week on account of the death of her (
brother. Mr Edward Johnson. Sr.
—Dr. A. H. Robins 100 in 1 is 1
magical in its effect upon the human
i body. It. will pay you to keep a j
bottle on hand with the full strength. |
—Dr. W. J. Pettis is dong a |
thriving business in his pafatial o<fi-;
1 ees at second and Clay streets. His
patrons are well pleased.
' —Mr. William R. Cogbill left the
; city last Thursday for his home in
Boston, . 1
—Mr. Ray Hollinger is keeping the
Globe Theatre up to its record of
high class amusements and its crit
ical patrons are all iwjell pleased.
It is necessary to go early now in
order to secure a choice seat.
—Messrs. Miller and Archer have
a large and steadily increasing rental
list and they are inviting the public
to take advantage of their services.
—Dr. H. A. Allen is steadily in
ereas'ng the number of his patients.
I who come to Irm for treatment, by
[the prompt service he is rendering.
He answers day or night calls.
—Dr. Albert A. Tennant had a ;
slight n<’c5denr to his car recently,'
but t did not interfere with his ■
movements. He is so busy that he ,
is pressed for time to take his meals. |
H s Madame looks the picture of
health now. despite the recent sur-j
g?oa! operation to wliicli she was
subjected in Washington.
—Dr. L. J. Hayden i? “a seven'
clays wonder ’. His preparations havej
stood the test for more than twenty,
years and he is sti’l curing the ,
people. Ca’l and see him.
-King’s Confectionery on Second
«t ref r is one of the most attractive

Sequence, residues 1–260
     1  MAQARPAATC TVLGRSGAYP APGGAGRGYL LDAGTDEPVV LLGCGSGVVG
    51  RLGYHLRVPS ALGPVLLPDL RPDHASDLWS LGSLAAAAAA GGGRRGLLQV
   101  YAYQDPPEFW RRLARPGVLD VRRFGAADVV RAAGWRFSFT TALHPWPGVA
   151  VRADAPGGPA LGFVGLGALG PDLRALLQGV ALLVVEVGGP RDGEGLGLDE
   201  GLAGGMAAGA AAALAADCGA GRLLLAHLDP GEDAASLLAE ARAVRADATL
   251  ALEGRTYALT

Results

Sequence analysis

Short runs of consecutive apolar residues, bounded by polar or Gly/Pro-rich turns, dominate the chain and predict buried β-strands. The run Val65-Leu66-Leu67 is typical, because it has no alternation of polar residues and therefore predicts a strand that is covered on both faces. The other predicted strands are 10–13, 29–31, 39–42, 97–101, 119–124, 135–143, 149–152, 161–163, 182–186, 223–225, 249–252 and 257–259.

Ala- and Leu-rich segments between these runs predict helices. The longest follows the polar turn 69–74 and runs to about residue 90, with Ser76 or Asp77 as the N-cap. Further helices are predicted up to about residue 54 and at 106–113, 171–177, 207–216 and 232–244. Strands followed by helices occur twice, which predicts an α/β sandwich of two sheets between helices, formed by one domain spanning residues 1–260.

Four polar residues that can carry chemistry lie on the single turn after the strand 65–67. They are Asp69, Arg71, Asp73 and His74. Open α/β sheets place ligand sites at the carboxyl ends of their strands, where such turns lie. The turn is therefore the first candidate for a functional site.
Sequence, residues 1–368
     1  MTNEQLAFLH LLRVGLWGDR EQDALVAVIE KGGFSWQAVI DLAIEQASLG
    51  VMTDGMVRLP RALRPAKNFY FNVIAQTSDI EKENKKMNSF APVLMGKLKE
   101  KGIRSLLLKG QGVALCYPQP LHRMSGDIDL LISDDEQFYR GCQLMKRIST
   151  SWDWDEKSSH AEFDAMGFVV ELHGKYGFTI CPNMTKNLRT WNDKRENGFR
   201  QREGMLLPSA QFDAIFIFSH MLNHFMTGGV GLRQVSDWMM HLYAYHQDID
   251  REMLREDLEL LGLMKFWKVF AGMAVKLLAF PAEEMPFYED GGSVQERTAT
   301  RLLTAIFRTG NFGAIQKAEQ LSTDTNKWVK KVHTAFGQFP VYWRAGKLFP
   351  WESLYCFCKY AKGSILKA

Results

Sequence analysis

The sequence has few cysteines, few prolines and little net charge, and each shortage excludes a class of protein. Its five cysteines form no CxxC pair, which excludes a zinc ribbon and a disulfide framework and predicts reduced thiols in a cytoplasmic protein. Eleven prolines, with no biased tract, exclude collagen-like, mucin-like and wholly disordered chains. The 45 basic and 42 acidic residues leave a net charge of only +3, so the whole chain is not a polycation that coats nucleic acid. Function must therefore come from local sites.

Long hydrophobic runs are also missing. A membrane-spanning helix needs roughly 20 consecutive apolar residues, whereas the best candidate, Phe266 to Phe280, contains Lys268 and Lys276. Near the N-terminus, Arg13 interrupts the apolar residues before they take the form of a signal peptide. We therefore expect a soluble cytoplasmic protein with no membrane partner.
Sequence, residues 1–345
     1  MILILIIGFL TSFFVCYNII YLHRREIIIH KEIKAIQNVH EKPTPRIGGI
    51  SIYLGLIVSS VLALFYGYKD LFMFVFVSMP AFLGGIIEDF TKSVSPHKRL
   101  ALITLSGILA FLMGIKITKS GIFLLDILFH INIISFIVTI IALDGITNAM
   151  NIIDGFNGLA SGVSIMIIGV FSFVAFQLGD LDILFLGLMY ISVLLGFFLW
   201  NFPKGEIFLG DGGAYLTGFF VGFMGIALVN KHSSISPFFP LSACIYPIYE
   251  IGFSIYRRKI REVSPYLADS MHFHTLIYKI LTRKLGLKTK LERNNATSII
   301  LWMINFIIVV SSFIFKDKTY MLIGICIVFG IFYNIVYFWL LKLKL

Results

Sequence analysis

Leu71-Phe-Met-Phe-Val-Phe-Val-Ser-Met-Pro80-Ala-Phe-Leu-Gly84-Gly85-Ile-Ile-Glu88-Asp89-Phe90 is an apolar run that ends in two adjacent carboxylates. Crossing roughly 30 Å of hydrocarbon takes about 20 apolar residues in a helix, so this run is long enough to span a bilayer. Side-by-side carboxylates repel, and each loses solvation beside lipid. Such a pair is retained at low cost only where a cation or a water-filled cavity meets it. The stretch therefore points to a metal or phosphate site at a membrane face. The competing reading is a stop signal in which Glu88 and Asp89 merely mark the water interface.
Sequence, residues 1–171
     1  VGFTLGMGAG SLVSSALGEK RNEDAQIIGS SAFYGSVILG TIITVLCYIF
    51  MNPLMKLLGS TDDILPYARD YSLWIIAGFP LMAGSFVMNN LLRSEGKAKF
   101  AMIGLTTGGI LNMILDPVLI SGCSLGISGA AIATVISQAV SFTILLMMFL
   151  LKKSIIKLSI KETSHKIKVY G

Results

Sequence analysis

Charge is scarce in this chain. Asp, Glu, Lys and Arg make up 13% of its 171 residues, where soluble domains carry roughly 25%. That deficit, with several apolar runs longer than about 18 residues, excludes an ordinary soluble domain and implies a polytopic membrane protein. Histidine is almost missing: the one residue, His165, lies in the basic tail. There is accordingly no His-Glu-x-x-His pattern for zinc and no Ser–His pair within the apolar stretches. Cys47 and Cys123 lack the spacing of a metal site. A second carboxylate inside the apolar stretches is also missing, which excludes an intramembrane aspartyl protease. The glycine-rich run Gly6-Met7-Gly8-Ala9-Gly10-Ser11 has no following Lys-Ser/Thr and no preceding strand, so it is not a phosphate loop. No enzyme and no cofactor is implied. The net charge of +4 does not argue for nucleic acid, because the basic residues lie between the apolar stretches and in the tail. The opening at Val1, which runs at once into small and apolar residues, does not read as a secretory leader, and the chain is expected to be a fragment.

establ'shments in the city. It is kept
as “neat as n Pin” tbe service
rivals the best in the city.
—Mr. John A. Hines has a green
grocery, wood and coal qu ck lunch
room, all combined in one. Mrs.
Harris is the manager. His clean’ng
;.ml pressing establishment and the
shoe repairing department is next
—Grand Exalted Ruler J. Finley
Wilson announces that the trouble
with Manhattan Lodge of New York
has been adjusted, a slight fine was
t assessed and the lodge re-elected its
former officers.
—Pa nting time is at hand and
you can cut your painting bill in
,11-1101 IN
Richmond colored people this week
and next are being asked to give
$50,000' to Virginia Union University
and Hartshorn Memorial College as
their part of a building and endow
Imervt fund of $600,000. Negroes
I throughout the State will be asked
I for an additional $50,000 and later,
[white friends for $200,000. The [
j general education board of the Bap
tist Church will then give these
!schools $300.00'0 more, bringing the;
entire amount to the $600,000 needed ;
! Because Negroes are to be asked to
give onOy $100.0'00 of the sum sought
! the campaign committee selected “5
for 1” as the slogan for the appeal.
A campaign- organization has been 1
completed, which is combing every
| nook and corner of the city because,
as officials have pointed out, it is
absolutely essential for the colored
people to raise thd r part of the fund. |
“Give Negroes self-sacrificing, far
seeing, industrious, upright, thought- ,
fully trained leaders and the race :
will work out its own future”, Rev. i
W. T. Johnson, D. D., president of ;
the board of trustees, declared.
Two dormitories, one for girls and j
one for boys, an-d a science hall are
badly needed, Dr. Wfliiam J. Clark,.
president of the university, stated.:
The present enrollment is nearly 700.
students, 200 more than have been,
graduated from Hartshorn since its,
beginning 46 years ago.
A short time ago, Virginia Union
Un versity was recognized by the
state board as a standard four year,
college and it is the only place in,
Virginia where colored youth can re- ■